While there are some interventions that are common to modifying behaviour for adolescents with ADHD, the drug and alcohol use made it really difficult to predict Jon's moods and therefore difficult to respond consistently. I found that talking openly about the effects of drugs and alcohol on the teenage brain was a great way to help Jon understand some of what was happening to him. Additionally, I frequently use the "catch 'em being good" idea to positively reinforce acceptable behaviour. This was coupled with positive reinforcement of other students' acceptable behaviour (modelling). Also, readings and discussions in class were tailored to meet the needs of the boys of the room - we did a great unit discussing masculinity in our culture, which was launched with a trip to see a play (supported by Character Ed funding through the school board). Examples of narratives with positive male role models allowed us to examine behaviour in an analytic way. Jon often took a dominant role in class discussions and was quick to compare and contrast varying responses to situations.
In the end, while I wasn't able to get Jon to deal with his addiction issues, our team was able to dramatically reduce the number of suspension and increase his attendance. Jon went from missing 40% of grade 8 to missing less than 10% of grade 9. Academically, I also really wish he had been enrolled in the Applied class as opposed to the Essential credit - I think the gains we made with attitude and attendance did have a positive impact, which I'm not sure would have happened in the Applied class. Not only did Jon get his grade 9 credit, but he passed the OSSLT on the first try. I actually scribed his EQAO test for him (a horrible experience for me - unable to actually provide the support he was so used to getting!) and was extremely proud of him for this accomplishment. It's often said that students need one adult at school with whom they have a more personal connection - the "trusted adult" is a significant measure of success for many students with IEPs, especially those with behavioural issues.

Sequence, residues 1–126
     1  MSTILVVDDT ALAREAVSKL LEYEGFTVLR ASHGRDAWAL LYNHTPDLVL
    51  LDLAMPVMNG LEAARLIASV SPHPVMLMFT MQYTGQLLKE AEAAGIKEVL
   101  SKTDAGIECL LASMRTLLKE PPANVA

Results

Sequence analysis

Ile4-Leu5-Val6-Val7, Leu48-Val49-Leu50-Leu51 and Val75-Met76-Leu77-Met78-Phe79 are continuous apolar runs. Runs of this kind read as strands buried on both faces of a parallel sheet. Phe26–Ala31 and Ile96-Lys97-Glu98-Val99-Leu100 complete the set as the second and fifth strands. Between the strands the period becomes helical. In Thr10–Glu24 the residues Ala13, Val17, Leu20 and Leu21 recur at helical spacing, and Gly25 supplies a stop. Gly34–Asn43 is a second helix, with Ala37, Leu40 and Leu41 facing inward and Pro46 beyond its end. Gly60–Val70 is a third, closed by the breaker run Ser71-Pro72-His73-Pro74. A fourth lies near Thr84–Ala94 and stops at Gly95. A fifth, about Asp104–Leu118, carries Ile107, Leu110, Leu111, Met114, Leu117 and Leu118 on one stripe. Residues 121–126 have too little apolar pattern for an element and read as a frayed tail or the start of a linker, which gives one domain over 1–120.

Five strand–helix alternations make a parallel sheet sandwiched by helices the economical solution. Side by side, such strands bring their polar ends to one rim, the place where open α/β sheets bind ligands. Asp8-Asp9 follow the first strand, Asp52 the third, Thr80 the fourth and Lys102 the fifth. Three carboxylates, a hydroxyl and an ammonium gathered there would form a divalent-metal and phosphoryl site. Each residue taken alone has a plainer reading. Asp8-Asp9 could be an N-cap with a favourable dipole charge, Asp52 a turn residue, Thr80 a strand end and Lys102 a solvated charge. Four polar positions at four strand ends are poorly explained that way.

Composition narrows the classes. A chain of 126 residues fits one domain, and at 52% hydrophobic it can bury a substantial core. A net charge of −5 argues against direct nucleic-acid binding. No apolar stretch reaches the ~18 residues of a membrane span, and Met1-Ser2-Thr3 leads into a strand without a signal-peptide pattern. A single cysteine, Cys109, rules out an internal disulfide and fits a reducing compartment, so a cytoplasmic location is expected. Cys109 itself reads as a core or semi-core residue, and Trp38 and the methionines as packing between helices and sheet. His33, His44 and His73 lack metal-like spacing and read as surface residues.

Winzer, Margaret (2008). “Chapter 7 - Children with Behavioural Disorders.” Children with Exceptionalities in Canadian Classrooms. Eighth Edition. Toronto: Pearson.
Week 4 (May 31, 2014)The Assignment: "think about your own teaching and your use of accommodations to support students with Learning Disabilities."
- What type of accommodations have you used to support students with LDs? Standard accommodations in my school board for secondary students include the following: